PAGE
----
JavaScript Terms and Our Usage

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JavaScript or ECMAScript or ECMA-262

We use these terms interchangeably. This is not technically correct. Just so you know, we have clarified the terms here.

ECMA-262 is a term that refers to a standard adopted by the European Computer Manufactures Association (ECMA) Standard General Assembly in June of 1997. This standard was later approved by the ISO/IEC in April 1998. The ISO/IEC referred to the standard as ISO/IEC 116262 and thereafter, the standard was commonly referred to as ECMA-262.

The ECMA-262 describes a scripting language called ECMAScript.

JavaScript adheres to the ECMA-262 standard. But JavaScript is much more than ECMAScript. JavaScript also includes the technologies for the Document Object Model (DOM) and the Browser Object Model (BOM). The core of JavaScript, however is ECMAScript.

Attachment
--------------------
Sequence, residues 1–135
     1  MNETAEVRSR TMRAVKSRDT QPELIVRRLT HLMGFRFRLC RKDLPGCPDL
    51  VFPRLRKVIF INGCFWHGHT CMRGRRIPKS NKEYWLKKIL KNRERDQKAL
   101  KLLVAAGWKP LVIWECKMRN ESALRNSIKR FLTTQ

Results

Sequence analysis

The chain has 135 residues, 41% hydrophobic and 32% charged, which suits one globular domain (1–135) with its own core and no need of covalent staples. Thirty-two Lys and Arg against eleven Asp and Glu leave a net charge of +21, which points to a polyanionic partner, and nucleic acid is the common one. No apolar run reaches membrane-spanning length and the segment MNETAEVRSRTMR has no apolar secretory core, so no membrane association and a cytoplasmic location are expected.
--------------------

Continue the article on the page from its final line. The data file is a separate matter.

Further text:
Which came first, ECMAScript of JavaScript?? In 1995, Netscape (in a alliance with Sun Microsystems) released JavaScript in Netscape Navigator 2.0. JavaScript was formally know as LiveScript. At about the same time MicroSoft was developing a web scripting language called JScript. These two scripting languages and others prompted the effort to develop a standard for a Web scripting language. Now we have the ECMA-262 standard that describes ECMAScript and all popular web browsers are attempting to adhere to the standard.

Functions and Methods